Final Liver Proposal.pdf
force along the peritoneum at the bottom of the abdominal cavity. This force distribution will help minimize high
stress concentrations and decrease the peak forces applied to the surrounding environment. We ultimately
hope this will lead to fewer perforations and other forms of tissue damage.
To address spatial concerns which may cause visual and dexterity impairments for the operator, we hope to
create a mechanism that provides bilateral force application, pushing the lower abdominal wall down while
simultaneously lifting the liver. Traditionally, surgeons overcome this environmental challenge by applying a
downward force to the bottom peritoneum wall. Since current liver retractors rely solely on a lifting
motion, an additional tool is required for this maneuver. However, our device is capable of achieving the
same result without additional tools or surgical maneuvers. This results in the potential for fewer tools used,
fewer MIS ports and fewer support staff necessary to perform this additional process.
In current procedures on obese patients, surgeons are already forced to apply a downward force to this lower
peritoneum using instruments of similar surface area to that of our device . Hence, we are confident this will
not cause any increased stress or tissue damage.
We propose to design, develop, and evaluate a device that will be used to perform retraction of the left lobe of
the liver for MIS procedures. We hope to create a device that is capable of working in various surgical
environments, specifically patients with a BMI greater than 35 or who have NAFLD, where current devices do
not have the necessary load distribution capabilities. Our device will allow for increased total force input to the
liver while decreasing peak stress values on the surrounding tissue. The various design and verification steps
of this process are divided into the three specific aims discussed below.
C1: Specific Aim 1: Design a robust liver retraction device for
obese patients that is capable of working within the
framework of current MIS procedures.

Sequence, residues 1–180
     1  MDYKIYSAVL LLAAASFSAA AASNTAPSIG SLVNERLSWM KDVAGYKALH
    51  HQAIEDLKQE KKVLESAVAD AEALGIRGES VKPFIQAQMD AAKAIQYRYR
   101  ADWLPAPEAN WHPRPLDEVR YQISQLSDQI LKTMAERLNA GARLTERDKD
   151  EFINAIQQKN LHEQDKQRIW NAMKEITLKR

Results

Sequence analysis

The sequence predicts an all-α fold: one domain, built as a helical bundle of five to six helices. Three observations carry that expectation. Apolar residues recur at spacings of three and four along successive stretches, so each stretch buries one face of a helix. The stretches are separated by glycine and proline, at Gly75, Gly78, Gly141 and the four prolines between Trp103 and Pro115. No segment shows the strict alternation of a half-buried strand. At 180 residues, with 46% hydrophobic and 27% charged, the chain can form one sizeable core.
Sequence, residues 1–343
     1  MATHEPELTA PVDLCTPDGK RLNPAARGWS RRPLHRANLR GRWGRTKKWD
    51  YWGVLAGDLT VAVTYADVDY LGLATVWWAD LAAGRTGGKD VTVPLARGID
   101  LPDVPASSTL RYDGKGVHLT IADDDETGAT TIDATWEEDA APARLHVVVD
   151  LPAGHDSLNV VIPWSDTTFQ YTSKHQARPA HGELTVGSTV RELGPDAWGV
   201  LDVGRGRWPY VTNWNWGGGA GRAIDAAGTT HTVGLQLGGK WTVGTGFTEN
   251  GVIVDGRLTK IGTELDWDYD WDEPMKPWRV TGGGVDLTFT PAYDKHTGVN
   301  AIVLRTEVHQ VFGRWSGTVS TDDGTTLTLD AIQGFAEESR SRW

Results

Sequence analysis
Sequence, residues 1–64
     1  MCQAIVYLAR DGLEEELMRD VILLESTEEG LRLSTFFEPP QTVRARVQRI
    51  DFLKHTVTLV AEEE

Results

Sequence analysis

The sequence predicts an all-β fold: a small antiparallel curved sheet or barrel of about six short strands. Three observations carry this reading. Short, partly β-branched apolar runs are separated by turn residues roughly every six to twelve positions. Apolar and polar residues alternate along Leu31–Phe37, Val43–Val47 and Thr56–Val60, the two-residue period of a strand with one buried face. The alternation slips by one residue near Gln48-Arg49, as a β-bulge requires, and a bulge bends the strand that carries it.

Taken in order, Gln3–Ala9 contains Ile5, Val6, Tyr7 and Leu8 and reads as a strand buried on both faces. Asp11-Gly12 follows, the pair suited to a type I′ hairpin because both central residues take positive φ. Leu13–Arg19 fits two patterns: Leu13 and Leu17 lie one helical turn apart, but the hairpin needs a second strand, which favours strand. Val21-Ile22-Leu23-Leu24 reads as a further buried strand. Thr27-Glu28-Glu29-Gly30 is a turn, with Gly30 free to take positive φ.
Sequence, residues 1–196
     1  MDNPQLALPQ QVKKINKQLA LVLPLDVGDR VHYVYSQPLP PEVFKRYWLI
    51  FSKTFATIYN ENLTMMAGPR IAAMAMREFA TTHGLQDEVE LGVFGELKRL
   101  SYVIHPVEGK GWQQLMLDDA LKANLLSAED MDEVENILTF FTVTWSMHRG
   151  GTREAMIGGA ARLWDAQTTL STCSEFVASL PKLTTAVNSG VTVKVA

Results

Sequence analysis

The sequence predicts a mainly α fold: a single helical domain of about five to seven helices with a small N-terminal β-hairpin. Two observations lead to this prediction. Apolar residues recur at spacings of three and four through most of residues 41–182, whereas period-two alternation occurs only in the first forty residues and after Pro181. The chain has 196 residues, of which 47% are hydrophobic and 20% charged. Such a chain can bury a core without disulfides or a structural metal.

Our device will be used to perform retraction of the left lobe of the
liver during surgical procedures in the upper GI tract. In order for
our device to lift the liver up and away from the region of operation,
the top bar must be at least long enough to accommodate the 9.6
cm average width of the left liver lobe of obese patients (measured
at the midsternal line)[13,14]. In order to adequately retract the left
lobe of the liver and expose the hiatus, the liver must be moved 10
cm vertically upwards from the gastroesophageal junction .
These dimensional requirements (Figure 4) address Task 1.1:
Design a bracing structure that distributes force across the peritoneum and supports the liver at least 10 cm
above the hiatus - however, we must also design our device to achieve Task 1.2: Adapt the device from Task
1.1 to ensure it is capable of fitting through a standard 10mm MIS port.
Preliminary Data: Physical prototypes and CAD models
Based on the dimensional criteria outlined above, we began initial design iterations and prototyping efforts. We
chose a triangular support system for its stability and flexibility, resulting in the first prototype shown in Figure
5. This prototype sought to test an initial folding geometry where the legs of the device folded inward and
parallel to the main supporting bar. While this design was easily fabricated, it had multiple problems. First, the
folding design required the leg lengths to be too short proportional to the primary supporting bar, and second,